You can subscribe to the Totally Football Show here…
Reading weren’t thinking about promotion in 1995, but after finishing second they deserved a place in the Premier League. But they didn’t get it…
The 1994/95 season was a unique one in the old First Division. Only two teams would be promoted to the Premier League, as increased fixture demands from a revamped Champions League and international fixtures meant that the authorities felt a 42-game season was no longer realistic. So the 22 teams currently in the division would be slimmed down to 20 – with four teams relegated and only two promoted. One automatically, one from the playoffs.
For Reading, newly promoted to Division One themselves, all of this was quite far from their minds.
“My wife and I were going to get married that summer,” Shaka Hislop, Reading goalkeeper for that season tells the Totally Football Show. “We set a date for June 10th which would have been two or three weeks after what we thought would have been the end of the season. And I remember her asking about getting to the playoffs. And I was like ‘Look, it’s going to be a bigger challenge fighting relegation as opposed to us getting to the playoffs.’ I didn’t think it would be an issue”
It soon became apparent though that Reading would be spending the season looking up, rather than down. In their first twelve games, they only lost twice.
“We went to some of the giants of the First Division, in terms of [teams like] Wolverhampton Wanderers, and gave as good as it got. And that’s when I think we realised we were onto something good with that team,” says Hislop.
By December, they were up to 2nd and other teams were also noticing what they were onto. When Premier League Leicester City lost manager Brian Little to Aston Villa, they approached Reading manager Mark McGhee.
“It’s still very bitter in these parts,” says Reading season ticket holder and The Tilehurst End writer Dave Harris. McGhee joined Leicester taking his assistant and head coach with him, despite having allegedly assured chairman John Madjeski that he would stay. “Reading fans were stung…It derailed us for a while.”
“I thought it could have been handled better,” says Hislop. “We had been playing particularly well. It felt settled.
“I think the bigger question for us, certainly at the time…was we thought McGhee would be interested in a number of the Reading players. I think the big concern was well, who’s going to leave?
“After a couple of weeks, that speculation died down, and none of the players wanted to leave. So we just picked back up where we left off.”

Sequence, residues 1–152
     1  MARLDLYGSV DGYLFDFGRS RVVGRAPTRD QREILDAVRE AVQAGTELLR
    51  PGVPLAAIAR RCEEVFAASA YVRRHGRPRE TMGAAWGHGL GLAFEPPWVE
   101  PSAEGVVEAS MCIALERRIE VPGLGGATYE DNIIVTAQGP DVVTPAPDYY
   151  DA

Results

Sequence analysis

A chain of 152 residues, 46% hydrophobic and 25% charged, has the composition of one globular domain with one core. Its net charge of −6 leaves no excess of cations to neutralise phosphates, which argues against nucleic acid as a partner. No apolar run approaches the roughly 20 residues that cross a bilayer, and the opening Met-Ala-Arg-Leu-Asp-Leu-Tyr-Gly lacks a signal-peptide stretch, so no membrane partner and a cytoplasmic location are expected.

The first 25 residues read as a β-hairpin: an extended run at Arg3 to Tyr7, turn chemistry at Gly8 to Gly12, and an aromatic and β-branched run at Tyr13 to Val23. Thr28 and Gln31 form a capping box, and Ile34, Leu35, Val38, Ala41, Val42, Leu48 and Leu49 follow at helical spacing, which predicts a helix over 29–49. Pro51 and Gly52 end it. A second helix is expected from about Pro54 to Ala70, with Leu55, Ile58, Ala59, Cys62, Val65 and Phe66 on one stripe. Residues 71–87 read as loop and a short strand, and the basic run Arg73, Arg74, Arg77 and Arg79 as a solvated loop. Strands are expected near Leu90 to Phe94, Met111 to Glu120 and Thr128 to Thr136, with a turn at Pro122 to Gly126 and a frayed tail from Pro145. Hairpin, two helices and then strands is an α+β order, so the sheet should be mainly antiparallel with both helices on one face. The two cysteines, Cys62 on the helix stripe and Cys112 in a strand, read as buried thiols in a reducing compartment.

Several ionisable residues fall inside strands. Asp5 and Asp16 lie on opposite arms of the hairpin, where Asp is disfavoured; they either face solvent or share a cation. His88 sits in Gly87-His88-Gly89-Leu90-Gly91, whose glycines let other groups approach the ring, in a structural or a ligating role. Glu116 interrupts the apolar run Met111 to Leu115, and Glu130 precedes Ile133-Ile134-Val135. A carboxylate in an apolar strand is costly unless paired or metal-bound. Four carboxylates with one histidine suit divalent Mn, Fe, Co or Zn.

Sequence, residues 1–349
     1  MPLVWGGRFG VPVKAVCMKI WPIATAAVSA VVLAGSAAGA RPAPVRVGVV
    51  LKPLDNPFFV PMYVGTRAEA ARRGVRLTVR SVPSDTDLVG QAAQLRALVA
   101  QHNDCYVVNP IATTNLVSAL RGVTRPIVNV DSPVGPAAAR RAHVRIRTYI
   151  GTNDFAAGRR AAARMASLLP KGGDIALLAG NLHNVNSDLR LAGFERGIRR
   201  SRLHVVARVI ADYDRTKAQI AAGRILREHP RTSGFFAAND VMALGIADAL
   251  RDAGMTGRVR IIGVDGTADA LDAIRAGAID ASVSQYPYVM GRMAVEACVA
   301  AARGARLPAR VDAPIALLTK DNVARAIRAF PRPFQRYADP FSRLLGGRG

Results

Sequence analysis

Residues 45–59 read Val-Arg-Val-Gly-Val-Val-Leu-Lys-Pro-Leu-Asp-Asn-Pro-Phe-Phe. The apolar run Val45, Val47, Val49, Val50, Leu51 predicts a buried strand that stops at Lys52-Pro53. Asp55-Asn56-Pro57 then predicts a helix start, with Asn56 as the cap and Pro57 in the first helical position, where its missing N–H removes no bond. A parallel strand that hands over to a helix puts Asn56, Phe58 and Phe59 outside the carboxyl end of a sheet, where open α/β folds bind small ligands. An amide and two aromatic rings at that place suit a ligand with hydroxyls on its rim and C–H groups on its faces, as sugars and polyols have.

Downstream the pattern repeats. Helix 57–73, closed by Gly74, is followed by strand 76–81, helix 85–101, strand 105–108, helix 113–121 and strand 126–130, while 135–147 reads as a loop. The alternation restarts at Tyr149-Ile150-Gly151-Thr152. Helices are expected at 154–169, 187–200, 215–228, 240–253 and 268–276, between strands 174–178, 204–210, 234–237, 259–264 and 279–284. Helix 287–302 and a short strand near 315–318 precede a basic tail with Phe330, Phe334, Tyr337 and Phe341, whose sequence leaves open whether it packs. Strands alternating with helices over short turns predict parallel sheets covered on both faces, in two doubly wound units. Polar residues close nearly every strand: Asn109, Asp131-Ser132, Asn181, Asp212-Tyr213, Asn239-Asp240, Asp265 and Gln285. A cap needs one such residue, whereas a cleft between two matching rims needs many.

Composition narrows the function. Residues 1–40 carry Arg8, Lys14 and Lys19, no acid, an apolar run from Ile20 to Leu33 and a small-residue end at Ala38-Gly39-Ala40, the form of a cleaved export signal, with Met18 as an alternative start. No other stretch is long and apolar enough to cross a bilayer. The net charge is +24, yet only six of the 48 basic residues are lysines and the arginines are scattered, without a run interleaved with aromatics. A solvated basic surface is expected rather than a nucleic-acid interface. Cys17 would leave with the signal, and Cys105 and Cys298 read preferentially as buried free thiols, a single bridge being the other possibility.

It's going to be a bigger challenge fighting relegation than getting into the playoffs.
“We struggled in January and February really,” says Harris. “At the same time as we lost McGhee, Simon Osborn damaged his knee ligaments and was out for three months. We only had a small squad. We lost to teams that we shouldn’t have otherwise lost to. It had a damaging effect, and perhaps if McGhee hadn’t have gone…we would have been in a better position to be pushing for automatic promotion.”
In McGhee’s place, Reading appointed Jimmy Quinn and Mick Gooding as player-managers.
“I think the biggest upside to that was that they didn’t try to change anything,” says Hislop. “I think often when new manager come in, they try to change things. Maybe change formation, change how you play, change of personnel. But they just let us do as we had been doing all along.”
Despite that wobble at the start of 1995, as Quinn and Gooding bedded in, results started to pick up again.
“We went on a storming run of form in March after a 2-1 win against Oldham where we scored twice in the last five minutes,” remembers Harris “Osborn returning to form – that was pretty key. We picked up points against teams who were in and around the play off battle. A key result was against Bolton at the back end of April. We beat them 2-1 with a last minute Lee Nogan winner.”
Middlesborough were ahead of them in first place but Reading weren’t far behind.
“I think Middlesborough were better than we were. They had the money in the league at the time, they had the big name manager in Bryan Robson. I always felt that they were the favourites to go up to the Premier League,” says Hislop.
“We were going to finish second. And all of a sudden it dawns on you. If we’re saying only two teams are getting promoted, and here we are going to finish second – that feels a little unfair.”